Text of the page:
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Krishna Iyer Vs. the Official Receiver of Trichinopoly - Court Judgment

LegalCrystal Citation
SubjectCivil
CourtChennai
Decided On
Reported inAIR1925Mad381; 75Ind.Cas.445
AppellantKrishna Iyer
RespondentThe Official Receiver of Trichinopoly
Cases ReferredJainab Bibi Saheba v. Hyderally Saheb
Excerpt:
- - it is clearly undesirable that, where a matter has to be decided on trial the court should not hold the trial itself and retain the advantage of seeing the witnesses give evidence following the course of the proceedings; in these circumstances, we do not think that the payment under exhibit k is on any better footing than the others enumerated in exhibit a......it is said that a large portion of the consideration for exhibit a, rs. 2,000 alleged to have been paid to palaniappa chetty must be regarded as genuine. palaniappa chetty was undoubtedly a creditor for that amount under exhibit k and, if he had not actually been paid, he would have proved in the insolvency. there is no doubt that palaniappa chetty was a creditor; and there is some reason for holding that he has been paid in accordance with the endorsement on exhibit a. but it does not follow that he was paid with the money raised by means of exhibit a. palaniappa chetty is not examined. the endorsement referring to the payment is made by one gnanikkam pillai on behalf of the alienee; but gnanikkam pillai is not examined. in these circumstances, we do not think that the payment under.....
Judgment:

1. The first objection taken to the Lower Court's order is that it was passed after an irregular trial, in that the witnesses did not depose before it. The facts are that the proceedings began with a report from the Official Receiver in which he applied for the setting aside of an alienation, Exhibit A, by the insolvent. The parties then, it is on the record, and it is not disputed, agreed that in the enquiry into this application, the statements of the witnesses should be recorded by the Official Receiver. The objection here is that statements of the witnesses so recorded were not evidence and that the lower Court was not entitled to pass a judicial decision on them. We desire to express the strongest disapproval of the lower Court's procedure. It is clearly undesirable that, where a matter has to be decided on trial the Court should not hold the trial itself and retain the advantage of seeing the witnesses give evidence following the course of the proceedings; and it is further undesirable that it should delegate its duty to a person, such as the Official Receiver in the present case whose interest and duty may conflict in the conduct of the proceedings. But, at the same time, we must hold that Jainab Bibi Saheba v. Hyderally Saheb (1920) 43 Mad. 609, applies and that the consent of the parties was sufficient to validate the procedure employed. We can, therefore, only express the hope that the lower Court will not take a similar course in further proceedings of this nature.

2. This obection failing, we turn to the merits. The lower Court dealt with them in very general language; but we think that its decision is right. Exhibit A was executed within five months of the insolvent's petition. It is a usufructuary mortgage; but possession of the property has not passed, the insolvent's family continuing to occupy it under a rent deed, Exhibit G. The alienee, here appellant, admits that he has never received any rent. In fact, the amount of rent secured by Exhibit G is identical with the total income of the insolvent's family, that which they receive for looking after the timber business said to have been started by the alienee on the premises. The alienee does not know how much the Municipal Tax of the house is; and he has even never entered the portion of the building occupied by the insolvents: and, although he says that his accounts are being kept in the up stair of the premises, he could not say whether they were actually there at the time of the enquiry. The insolvents had no property except the house dealt with in Exhibit A.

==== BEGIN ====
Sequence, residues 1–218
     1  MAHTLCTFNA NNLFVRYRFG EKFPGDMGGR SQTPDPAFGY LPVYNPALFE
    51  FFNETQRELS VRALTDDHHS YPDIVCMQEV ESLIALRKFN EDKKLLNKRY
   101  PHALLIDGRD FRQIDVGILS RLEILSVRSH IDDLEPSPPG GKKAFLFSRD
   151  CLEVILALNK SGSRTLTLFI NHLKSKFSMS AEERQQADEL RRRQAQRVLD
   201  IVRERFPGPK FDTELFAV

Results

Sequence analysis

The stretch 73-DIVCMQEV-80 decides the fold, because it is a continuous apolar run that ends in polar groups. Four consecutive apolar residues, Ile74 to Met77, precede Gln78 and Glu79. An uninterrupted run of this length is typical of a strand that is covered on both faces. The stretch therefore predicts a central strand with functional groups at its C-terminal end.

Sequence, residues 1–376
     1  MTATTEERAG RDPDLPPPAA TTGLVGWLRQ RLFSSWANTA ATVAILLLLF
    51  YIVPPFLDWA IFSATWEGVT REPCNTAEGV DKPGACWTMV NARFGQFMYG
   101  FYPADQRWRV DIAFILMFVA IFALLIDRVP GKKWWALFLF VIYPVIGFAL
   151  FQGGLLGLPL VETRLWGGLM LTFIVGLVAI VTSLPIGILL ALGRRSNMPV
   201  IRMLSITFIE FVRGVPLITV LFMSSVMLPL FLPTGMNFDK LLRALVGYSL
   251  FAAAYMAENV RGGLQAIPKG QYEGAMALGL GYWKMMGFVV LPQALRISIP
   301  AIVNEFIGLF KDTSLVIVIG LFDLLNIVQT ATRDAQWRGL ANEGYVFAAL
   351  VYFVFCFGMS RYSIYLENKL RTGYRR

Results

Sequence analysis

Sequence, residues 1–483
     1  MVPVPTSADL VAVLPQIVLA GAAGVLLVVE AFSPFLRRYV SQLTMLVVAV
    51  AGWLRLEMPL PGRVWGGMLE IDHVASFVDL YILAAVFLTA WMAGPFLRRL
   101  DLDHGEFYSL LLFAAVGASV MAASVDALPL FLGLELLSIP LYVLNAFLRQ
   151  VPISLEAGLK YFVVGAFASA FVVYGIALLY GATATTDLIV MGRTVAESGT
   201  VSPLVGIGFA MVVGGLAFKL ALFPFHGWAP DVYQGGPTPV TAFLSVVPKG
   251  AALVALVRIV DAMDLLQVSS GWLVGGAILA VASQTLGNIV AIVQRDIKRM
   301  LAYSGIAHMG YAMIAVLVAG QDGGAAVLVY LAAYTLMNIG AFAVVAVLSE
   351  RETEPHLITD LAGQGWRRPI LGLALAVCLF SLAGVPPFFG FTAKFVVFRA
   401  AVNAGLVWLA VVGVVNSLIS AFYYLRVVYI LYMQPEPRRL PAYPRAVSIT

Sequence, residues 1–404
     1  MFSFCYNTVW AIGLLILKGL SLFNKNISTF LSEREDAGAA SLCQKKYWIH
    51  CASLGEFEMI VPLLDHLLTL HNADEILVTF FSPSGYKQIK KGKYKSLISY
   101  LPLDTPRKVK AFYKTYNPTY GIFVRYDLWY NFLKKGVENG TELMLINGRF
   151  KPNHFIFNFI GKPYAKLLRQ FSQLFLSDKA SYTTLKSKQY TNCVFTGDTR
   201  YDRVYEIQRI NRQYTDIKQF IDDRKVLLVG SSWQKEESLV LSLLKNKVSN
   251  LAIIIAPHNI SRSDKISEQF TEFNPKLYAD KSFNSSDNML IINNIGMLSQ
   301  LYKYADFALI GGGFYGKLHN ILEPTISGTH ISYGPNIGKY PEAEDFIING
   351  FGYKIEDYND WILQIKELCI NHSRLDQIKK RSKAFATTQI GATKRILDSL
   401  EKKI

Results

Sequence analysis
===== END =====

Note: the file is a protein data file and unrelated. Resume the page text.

3. The consideration for Exhibit A is evidenced mainly by accounts, and although the accounts may have been kept in the course of business, there is no security of any value for their having been. In fact, one material entry of Rs. 910 is, in our opinion, open to distinct suspicion. It is said that a large portion of the consideration for Exhibit A, Rs. 2,000 alleged to have been paid to Palaniappa Chetty must be regarded as genuine. Palaniappa Chetty was undoubtedly a creditor for that amount under Exhibit K and, if he had not actually been paid, he would have proved in the insolvency. There is no doubt that Palaniappa Chetty was a creditor; and there is some reason for holding that he has been paid in accordance with the endorsement on Exhibit A. But it does not follow that he was paid with the money raised by means of Exhibit A. Palaniappa Chetty is not examined. The endorsement referring to the payment is made by one Gnanikkam Pillai on behalf of the alienee; but Gnanikkam Pillai is not examined. In these circumstances, we do not think that the payment under Exhibit K is on any better footing than the others enumerated in Exhibit A.

4. It is said further that the alienee is a timber merchant of Palghat and that he is not shown to have had any previous connection with the insolvent. He, however, was, as the account show, legally, indebted to one Appavu Pillai, father of Gnanikkam, already referred to, and connected in business with the insolvents. There is, therefore, nothing in the alienee's favour in this part of the case and there is, in any event, the absence of evidence that the alienee made any reasonable inquiry as to the insolvent's position.

5. We confirm the lower Court's decision and dismiss the appeal with costs.


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